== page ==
Of course once your groups are in place you can use the grouping functionality in Moodle 2 to control what some users see such as staff-only content.

The final option builds on the filter and simply allows you to filter users by a specific string. So if I wanted to only enrol students on a questionnaire course for example I would group by institution and then filter by “student”. AutoEnrol will now only enrol students on to this course

Using these two options in conjunction with some good user administration will give you a great deal of control over who can access what.

Google I/O 09 – The Myth of the Genius Programmer

I’d thoroughly recommend watching this, it sums up a lot of my thoughts on working with the Moodle community.

It is such a natural thing to take feedback on your code personally but in truth working with the experienced folk at is a fantastic opportunity to develop your skills and recognise your weaknesses.

In ProMonitor the Course is King

When I first switched from teaching to development one of my biggest dislikes was having to manually transfer feedback from my Moodle Assessments to the student records on ProMonitor, the E-ILP system used at BSDC.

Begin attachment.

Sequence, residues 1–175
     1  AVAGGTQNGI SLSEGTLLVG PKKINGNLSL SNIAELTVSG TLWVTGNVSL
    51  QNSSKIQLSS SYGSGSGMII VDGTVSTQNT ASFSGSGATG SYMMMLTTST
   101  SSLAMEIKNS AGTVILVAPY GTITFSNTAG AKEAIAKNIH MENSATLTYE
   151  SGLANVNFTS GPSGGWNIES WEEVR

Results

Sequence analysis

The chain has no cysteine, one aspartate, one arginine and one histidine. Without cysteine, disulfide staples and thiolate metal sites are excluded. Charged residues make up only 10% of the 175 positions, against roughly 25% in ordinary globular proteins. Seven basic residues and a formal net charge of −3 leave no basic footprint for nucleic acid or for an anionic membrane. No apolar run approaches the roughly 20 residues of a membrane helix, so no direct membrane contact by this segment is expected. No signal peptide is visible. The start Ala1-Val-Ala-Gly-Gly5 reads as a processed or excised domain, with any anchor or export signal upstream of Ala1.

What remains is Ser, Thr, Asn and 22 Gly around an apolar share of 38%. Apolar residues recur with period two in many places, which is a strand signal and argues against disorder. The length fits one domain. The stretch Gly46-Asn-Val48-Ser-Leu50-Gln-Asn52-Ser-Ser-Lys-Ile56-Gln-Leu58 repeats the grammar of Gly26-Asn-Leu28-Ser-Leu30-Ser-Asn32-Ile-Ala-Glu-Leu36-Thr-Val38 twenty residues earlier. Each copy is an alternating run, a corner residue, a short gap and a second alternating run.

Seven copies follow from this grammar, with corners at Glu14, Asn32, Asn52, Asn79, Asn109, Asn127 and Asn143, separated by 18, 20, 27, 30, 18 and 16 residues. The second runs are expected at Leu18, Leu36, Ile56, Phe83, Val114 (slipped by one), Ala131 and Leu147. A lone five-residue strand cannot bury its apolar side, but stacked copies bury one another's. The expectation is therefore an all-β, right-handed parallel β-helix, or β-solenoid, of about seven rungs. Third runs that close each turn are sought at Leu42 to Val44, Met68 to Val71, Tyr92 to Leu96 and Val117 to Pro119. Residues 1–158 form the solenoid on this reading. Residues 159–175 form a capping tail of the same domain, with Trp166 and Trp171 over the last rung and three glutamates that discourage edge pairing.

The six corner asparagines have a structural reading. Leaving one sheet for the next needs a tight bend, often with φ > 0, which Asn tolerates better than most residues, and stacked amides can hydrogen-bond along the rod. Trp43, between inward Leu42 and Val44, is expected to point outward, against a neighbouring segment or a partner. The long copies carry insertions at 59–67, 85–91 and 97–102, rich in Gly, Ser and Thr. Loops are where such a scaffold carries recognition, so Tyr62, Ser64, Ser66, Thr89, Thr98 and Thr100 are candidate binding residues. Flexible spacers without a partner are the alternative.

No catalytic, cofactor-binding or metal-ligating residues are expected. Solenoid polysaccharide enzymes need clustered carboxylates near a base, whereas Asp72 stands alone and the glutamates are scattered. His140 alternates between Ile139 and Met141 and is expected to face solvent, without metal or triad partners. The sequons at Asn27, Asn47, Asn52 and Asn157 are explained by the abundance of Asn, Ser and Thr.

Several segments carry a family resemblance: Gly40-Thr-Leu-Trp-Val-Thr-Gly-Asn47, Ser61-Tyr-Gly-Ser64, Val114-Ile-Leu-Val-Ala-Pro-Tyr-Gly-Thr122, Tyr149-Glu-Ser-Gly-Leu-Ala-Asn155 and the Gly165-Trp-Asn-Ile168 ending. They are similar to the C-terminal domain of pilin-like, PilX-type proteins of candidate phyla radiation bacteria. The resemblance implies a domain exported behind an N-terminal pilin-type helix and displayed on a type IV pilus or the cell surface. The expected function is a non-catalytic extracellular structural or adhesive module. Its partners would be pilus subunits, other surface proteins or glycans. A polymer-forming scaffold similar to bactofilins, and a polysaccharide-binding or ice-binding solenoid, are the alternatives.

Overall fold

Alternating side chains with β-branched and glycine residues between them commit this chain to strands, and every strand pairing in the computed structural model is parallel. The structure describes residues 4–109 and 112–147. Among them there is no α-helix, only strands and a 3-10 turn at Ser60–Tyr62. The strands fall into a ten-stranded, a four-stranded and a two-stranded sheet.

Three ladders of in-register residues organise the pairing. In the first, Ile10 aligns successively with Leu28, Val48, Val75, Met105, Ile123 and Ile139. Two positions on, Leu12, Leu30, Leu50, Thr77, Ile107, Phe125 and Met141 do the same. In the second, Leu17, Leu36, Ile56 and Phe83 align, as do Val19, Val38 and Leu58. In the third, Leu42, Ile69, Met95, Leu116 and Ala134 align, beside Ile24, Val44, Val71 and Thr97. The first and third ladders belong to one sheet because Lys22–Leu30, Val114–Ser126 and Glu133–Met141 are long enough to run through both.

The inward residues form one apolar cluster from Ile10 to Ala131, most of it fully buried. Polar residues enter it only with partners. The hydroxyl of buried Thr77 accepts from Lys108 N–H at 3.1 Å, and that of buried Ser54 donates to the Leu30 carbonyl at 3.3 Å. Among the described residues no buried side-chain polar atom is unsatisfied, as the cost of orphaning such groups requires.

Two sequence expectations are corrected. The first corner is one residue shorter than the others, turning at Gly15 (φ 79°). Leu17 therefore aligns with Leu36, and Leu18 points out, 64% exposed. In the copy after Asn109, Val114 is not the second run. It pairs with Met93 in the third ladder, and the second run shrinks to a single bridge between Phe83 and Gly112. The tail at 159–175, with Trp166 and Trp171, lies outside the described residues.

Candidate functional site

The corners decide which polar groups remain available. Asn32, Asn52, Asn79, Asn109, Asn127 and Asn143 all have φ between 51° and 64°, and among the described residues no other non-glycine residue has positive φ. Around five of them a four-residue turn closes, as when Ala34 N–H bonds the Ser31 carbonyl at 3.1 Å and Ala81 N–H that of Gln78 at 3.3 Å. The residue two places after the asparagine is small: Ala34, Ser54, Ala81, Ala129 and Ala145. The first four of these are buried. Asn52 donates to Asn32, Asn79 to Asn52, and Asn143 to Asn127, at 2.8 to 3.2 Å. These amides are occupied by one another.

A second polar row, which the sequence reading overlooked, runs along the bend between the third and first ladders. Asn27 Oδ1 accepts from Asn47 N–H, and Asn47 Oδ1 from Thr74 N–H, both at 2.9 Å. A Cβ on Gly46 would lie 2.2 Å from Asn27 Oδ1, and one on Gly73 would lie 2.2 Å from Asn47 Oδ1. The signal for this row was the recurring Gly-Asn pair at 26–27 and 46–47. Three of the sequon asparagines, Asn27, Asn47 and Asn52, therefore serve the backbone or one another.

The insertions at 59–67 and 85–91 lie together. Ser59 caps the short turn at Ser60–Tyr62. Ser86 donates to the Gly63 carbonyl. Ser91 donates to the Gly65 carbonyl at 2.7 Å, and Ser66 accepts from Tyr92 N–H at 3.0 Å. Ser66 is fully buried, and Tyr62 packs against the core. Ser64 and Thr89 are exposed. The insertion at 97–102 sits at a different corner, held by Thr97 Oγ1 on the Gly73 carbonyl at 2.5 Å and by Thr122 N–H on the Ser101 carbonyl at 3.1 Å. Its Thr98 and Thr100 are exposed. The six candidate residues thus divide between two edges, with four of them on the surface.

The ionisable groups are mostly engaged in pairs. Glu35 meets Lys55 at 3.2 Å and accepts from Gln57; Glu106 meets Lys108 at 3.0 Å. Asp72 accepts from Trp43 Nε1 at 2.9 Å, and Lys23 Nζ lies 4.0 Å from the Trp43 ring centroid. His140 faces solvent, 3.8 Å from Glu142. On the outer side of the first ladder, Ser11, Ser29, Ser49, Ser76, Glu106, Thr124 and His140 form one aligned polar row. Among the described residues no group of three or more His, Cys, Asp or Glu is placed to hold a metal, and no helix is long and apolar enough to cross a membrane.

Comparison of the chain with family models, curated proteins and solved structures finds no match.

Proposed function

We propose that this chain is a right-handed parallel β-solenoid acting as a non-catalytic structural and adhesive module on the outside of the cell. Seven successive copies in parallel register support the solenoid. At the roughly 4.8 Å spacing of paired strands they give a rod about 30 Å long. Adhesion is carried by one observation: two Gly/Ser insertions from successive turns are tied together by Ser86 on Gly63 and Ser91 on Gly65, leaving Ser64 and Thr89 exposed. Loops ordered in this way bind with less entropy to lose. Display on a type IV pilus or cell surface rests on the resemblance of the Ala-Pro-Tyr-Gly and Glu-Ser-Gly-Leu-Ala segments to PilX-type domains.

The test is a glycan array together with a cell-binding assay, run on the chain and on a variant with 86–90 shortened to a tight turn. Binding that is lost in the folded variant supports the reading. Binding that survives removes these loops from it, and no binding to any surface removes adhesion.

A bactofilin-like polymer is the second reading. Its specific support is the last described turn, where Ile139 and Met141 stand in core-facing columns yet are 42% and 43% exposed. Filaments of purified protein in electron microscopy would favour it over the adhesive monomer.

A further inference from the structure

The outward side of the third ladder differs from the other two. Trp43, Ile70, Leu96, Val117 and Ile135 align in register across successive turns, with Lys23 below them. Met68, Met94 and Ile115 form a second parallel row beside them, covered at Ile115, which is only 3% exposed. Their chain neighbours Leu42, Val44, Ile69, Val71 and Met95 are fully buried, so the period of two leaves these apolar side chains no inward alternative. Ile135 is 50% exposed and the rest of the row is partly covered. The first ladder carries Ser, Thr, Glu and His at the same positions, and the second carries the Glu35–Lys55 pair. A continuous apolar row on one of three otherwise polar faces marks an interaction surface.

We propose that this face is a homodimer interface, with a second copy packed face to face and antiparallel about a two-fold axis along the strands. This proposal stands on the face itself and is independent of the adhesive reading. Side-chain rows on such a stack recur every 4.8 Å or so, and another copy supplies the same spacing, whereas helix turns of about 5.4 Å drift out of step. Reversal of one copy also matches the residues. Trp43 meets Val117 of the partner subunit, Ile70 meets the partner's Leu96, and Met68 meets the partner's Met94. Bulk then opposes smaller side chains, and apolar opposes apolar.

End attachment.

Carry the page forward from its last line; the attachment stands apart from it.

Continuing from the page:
I’m now looking at the possibility of developing an Advanced Grading Method for Moodle 2.2+ which can be driven by the markbook structure in ProMonitor. My hope is that I can present the tutor with a form which matches up to their gradebook in ProMonitor 100%; something which 9 other colleges in the UK have expressed an interest in!

Today I have been looking at how the grading method will be related to ProMonitor’s database. Initially I was quite optimistic that it would be easy to select a course, followed by a unit, and finally an assessment which you wanted to use for the grading structure. This is a simple workflow which makes sense, but unfortunately it doesn’t reflect the way that people use ProMonitor.

ProMonitor's Course Structure
ProMonitor’s Course Structure

For example, if you have an option of three routes on the second year of a BTEC programme, the probability is that each route will share a large number of units. In this case you will have three ProMonitor courses each containing the same unit.